"You can’t say this loudly or it could jinx things. But the West has suffered far fewer wildfires than usual this year. The spring and summer of peace came precisely 100 years after the most vicious wildfires ever recorded in the West burned three million acres, destroying five towns in a single weekend. Chronicled in detail by Timothy Egan in his 2009 book “The Big Burn: Teddy Roosevelt and the Fire That Saved America,” it also killed 100 people.
But back to this century. By contrast, the number of acres burned in the 2010 fire season is less than the number burned in that one conflagration. This season still has some weeks to go, and Southern California’s Santa Ana winds can always whip small fires to frenzy when they arrive in the early fall, but it may well end up as a year in which intense, all-consuming blazes were few and far between."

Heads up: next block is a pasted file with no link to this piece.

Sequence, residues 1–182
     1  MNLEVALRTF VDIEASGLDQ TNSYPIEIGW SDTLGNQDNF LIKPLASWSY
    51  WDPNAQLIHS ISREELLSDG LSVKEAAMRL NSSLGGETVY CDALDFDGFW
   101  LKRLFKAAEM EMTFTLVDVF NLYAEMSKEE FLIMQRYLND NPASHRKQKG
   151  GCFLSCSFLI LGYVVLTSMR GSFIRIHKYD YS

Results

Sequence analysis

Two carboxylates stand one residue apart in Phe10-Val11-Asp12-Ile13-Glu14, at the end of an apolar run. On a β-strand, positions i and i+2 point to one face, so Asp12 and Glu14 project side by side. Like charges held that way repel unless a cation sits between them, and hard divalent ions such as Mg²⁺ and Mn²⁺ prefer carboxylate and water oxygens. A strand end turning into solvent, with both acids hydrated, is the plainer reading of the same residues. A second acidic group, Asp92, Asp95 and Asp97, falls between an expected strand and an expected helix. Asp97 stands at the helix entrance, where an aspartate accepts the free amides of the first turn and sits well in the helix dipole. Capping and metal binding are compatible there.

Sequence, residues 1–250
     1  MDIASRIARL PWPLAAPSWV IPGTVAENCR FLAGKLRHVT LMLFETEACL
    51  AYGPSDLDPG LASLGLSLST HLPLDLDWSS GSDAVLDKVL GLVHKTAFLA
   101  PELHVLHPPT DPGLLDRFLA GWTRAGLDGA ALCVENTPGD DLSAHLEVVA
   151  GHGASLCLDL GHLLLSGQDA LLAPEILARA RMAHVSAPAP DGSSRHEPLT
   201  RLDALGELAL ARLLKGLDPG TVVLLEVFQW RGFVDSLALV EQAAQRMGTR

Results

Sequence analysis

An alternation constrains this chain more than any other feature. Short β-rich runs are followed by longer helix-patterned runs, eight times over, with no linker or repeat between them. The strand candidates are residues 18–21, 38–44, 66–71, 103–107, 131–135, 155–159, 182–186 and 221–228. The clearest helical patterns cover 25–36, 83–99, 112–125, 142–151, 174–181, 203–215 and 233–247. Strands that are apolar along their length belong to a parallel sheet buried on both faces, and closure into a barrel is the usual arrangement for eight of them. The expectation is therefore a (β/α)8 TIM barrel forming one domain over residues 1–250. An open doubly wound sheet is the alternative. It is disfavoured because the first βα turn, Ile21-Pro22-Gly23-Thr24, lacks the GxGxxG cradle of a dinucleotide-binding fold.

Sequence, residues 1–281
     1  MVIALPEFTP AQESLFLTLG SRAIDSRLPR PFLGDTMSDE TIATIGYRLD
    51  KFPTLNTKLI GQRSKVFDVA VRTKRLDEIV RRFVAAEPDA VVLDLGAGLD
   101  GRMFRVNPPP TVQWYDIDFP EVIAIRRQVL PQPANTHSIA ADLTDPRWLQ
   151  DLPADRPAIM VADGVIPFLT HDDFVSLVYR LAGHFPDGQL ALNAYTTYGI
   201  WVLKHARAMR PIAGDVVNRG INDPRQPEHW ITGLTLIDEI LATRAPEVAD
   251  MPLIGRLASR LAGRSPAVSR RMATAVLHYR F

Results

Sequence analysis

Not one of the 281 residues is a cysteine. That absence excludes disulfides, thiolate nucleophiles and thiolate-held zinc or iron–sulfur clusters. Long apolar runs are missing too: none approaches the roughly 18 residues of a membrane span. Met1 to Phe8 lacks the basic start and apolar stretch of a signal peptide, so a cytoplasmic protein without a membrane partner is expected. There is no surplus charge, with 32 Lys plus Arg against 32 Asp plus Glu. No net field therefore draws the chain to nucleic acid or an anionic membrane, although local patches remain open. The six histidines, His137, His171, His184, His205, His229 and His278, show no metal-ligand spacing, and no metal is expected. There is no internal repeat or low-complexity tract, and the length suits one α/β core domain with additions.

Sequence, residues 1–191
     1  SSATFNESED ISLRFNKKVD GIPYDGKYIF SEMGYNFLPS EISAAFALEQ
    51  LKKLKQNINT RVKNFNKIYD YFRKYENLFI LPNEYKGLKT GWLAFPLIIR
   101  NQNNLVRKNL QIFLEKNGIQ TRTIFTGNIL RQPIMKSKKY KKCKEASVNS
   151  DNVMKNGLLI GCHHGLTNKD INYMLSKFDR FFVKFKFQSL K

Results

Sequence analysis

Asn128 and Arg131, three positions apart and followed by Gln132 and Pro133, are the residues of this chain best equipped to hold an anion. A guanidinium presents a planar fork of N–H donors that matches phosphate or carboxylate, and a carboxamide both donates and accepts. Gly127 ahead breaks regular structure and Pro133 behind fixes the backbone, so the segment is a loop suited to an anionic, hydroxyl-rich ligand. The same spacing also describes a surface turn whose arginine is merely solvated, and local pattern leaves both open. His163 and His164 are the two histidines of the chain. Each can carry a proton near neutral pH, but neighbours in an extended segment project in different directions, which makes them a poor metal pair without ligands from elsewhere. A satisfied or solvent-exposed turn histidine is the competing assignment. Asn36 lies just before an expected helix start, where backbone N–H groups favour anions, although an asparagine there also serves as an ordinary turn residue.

Felicity Barringer reports for the New York Times' Green blog September 22, 2010.